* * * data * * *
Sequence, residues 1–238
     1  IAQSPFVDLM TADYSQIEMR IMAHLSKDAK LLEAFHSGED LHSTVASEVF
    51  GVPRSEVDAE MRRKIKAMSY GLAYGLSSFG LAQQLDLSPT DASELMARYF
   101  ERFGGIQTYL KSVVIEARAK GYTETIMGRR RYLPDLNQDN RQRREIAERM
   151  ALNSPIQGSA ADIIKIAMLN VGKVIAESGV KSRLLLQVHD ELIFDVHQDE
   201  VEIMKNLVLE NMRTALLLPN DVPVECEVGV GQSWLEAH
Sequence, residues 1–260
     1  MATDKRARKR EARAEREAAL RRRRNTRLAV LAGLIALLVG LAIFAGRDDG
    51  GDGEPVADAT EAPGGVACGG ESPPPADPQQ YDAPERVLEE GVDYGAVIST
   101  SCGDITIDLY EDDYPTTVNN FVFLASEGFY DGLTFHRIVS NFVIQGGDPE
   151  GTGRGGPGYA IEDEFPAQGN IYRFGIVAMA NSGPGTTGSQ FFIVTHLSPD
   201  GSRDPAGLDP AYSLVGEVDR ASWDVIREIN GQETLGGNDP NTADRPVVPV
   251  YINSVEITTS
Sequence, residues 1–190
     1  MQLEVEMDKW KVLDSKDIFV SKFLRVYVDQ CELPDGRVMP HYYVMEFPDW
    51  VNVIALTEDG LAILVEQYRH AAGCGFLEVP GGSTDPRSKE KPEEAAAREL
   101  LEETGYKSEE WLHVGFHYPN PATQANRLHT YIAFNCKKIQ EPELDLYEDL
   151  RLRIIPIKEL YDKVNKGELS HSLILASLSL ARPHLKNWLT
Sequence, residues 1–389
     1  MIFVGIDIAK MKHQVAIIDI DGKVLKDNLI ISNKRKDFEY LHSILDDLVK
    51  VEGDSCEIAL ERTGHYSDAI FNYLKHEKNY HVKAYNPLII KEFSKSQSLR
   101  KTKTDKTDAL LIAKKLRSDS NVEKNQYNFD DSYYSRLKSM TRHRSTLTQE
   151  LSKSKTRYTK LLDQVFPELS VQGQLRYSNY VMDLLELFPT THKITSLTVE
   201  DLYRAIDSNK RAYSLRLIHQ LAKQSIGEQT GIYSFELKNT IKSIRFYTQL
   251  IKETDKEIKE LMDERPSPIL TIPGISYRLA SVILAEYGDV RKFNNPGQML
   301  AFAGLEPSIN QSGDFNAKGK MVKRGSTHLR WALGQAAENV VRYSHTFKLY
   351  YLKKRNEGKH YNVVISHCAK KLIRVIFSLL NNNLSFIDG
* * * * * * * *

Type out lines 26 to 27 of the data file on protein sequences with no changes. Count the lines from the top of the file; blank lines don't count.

   301  AFAGLEPSIN QSGDFNAKGK MVKRGSTHLR WALGQAAENV VRYSHTFKLY
   351  YLKKRNEGKH YNVVISHCAK KLIRVIFSLL NNNLSFIDG